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Board Games Night for Peace and Nonviolence — Wednesday, 15 March 2017

KW Peace logoKWPeace Presents


Board Game Night
for Peace & Nonviolence

Community building through playing games. Bring a game or play one of ours.

Admission is free


Wednesday 15 March 2017 7:00pm
Queen Street Commons Cafe
43 Queen St. S., Kitchener Map


Board games are inherently about competition, conflict and conquest. What can we learn about peace and nonviolence from playing board games?

Come join us for an evening traditional board games such as Chess, Checkers, and Monopoly.

Special feature: KWPeace member Isaiah has developed an educational game that explores and makes accessible the complex relationship between environmental limits, climate change and various conflicts within and between societies. He’s happy to present this game to our group — Come out, and be one of the first people to play!

Download the poster (.PDF, 396 kBytes)

Day of Action For Electoral Reform — 11 February 2017 at 1:00pm

This is our spiffy poster for Saturday’s National Day of Action for ELECTORAL REFORM event.

If you can print a few copies to put up in your neighborhood that would be enormously helpful.

You can Download the full size colour PDF here (4 MBytes)

or Download the full size Black and White PDF here (3 MBytes)

or Download the full size Duotone PDF here (1 MByte)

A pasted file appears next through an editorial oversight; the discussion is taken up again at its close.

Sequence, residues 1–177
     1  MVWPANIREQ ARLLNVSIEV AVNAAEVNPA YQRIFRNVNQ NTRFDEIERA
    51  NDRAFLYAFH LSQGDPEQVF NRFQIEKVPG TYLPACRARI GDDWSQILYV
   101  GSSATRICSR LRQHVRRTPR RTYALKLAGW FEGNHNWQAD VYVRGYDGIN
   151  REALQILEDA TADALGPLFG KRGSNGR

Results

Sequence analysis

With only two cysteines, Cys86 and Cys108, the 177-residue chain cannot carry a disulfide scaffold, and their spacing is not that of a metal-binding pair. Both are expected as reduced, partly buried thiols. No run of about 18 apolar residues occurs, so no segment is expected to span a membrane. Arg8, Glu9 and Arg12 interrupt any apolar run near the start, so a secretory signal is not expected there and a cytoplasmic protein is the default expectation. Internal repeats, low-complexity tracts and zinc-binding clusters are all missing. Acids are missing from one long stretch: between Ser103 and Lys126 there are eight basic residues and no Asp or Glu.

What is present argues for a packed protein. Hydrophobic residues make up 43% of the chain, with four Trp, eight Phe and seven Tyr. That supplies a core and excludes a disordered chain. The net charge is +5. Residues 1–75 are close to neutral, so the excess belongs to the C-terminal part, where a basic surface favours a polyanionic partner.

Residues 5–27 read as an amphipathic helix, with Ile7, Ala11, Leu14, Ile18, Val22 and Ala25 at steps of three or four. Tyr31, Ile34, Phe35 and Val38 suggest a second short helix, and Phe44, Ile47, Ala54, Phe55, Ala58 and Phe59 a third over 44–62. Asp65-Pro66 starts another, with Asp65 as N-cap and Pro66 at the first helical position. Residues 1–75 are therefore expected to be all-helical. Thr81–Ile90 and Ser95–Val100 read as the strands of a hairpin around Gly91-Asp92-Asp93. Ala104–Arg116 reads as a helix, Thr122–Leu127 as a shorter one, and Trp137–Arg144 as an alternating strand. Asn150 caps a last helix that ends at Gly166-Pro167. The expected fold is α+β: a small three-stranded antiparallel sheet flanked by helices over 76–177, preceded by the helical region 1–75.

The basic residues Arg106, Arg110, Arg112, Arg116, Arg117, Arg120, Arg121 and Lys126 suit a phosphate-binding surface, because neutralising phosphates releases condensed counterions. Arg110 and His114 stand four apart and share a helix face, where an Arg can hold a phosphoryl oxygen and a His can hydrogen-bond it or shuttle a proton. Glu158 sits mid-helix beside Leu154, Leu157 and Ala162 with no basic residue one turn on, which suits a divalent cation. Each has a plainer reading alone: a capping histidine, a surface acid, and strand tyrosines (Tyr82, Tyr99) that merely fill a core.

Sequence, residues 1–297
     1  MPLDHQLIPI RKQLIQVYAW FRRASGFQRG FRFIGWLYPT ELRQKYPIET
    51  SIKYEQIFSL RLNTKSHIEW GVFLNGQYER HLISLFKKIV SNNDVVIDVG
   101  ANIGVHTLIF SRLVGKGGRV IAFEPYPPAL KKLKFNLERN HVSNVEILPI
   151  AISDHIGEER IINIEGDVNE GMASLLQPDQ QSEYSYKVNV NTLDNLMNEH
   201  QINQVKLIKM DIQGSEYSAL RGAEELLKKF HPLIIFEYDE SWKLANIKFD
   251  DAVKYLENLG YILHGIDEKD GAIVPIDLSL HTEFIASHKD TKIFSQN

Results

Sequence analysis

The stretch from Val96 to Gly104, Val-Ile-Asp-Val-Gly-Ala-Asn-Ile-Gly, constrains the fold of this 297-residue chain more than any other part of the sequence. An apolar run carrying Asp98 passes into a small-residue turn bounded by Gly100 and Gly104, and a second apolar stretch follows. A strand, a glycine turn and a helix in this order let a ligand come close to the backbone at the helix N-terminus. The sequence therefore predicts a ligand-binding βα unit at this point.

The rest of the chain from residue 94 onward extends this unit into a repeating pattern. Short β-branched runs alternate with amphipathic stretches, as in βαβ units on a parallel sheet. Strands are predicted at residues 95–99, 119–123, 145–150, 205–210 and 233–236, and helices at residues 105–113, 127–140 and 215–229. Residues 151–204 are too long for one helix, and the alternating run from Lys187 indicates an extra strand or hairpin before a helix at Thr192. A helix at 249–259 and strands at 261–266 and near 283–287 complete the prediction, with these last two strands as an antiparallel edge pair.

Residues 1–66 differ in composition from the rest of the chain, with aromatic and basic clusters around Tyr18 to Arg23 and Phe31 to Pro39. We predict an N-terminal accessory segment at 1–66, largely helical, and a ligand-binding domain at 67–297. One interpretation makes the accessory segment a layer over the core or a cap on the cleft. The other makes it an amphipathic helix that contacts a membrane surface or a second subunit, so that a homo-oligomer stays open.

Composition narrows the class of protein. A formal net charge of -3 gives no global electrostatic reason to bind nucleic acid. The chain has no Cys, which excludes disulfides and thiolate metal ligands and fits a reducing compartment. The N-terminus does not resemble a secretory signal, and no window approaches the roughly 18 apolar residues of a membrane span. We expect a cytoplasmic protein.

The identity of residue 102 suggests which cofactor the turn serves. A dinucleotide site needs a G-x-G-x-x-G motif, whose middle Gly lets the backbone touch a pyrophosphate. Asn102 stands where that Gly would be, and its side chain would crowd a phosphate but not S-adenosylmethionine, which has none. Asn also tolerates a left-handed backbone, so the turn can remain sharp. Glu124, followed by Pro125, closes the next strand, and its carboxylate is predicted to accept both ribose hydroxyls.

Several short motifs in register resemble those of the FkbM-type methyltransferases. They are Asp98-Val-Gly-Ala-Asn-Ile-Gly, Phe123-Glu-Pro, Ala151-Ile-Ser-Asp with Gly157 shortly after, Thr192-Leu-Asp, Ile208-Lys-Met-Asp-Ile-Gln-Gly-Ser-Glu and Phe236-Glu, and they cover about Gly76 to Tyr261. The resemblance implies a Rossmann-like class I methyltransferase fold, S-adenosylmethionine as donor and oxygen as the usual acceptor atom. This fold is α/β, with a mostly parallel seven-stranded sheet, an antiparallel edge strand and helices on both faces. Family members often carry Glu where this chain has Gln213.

or choose the jpg image size you want from Flickr

This poster is released with a CC0Creative Commons 0 Public Domain Dedication which allows anyone to legally print and use it for any purpose.

If you’re in or near Waterloo Region, Ontario, please print and distribute as many posters as possible on public property where allowed Be sure to get permission before posting on private property, in retail stores, on community bulletin boards etc.

Help Make This Event A Success!

COME

Plan to attend if you can, and bring as many friends, family members, neighbors, co-workers, your kid’s teachers … anyone you know!  This isn’t about politicians , it is really about us… we deserve to have our votes count.  It’s only fair!

SHARE
Share the event on your social media.

FACEBOOK

Sign up on the Facebook Event Page
https://www.facebook.com/events/1371976016188409/

Share the event (click on the “share” button at the top of the right sidebar and choose where to share)

TWITTER

Retweet @FairVoteWaterloo’s event announcement

and other tweets about the event between now and Saturday.

For making your own tweets, the event hashtags include:
#PerformOnReform
#ChaqueVoteCompte
#SeeYouSaturday
#ERRE
#CDNpoli

Bring Your Own Sign

Give your inner child free reign to create your very own sign!

If you’ve got kids, get them involved ~ make it a family art project.  Use Bristol Board or just ordinary cardboard.

Sign Tips

Keep it Simple : One Idea per sign (although you can have another on the back of a double sided sign)

Black and white, primary colours

Big easy to read letters

Not everyone feels they are artistic, so if you’re feeling inspired, if you make extras, no doubt there will be folks happy to carry them.

If you are looking for inspiration, you might get some ideas from the graphics in my PR For Canada or ERRE Flickr Albums.

Sign the Petition